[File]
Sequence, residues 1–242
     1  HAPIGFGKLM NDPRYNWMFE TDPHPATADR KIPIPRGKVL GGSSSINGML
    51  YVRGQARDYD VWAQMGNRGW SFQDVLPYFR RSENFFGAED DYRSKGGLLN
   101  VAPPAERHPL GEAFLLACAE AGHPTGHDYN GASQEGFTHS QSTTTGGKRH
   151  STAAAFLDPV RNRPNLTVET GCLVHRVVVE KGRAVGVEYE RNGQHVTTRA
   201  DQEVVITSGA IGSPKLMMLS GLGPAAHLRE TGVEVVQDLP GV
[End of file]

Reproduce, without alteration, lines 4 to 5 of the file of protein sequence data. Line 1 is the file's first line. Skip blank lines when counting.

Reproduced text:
   101  VAPPAERHPL GEAFLLACAE AGHPTGHDYN GASQEGFTHS QSTTTGGKRH
   151  STAAAFLDPV RNRPNLTVET GCLVHRVVVE KGRAVGVEYE RNGQHVTTRA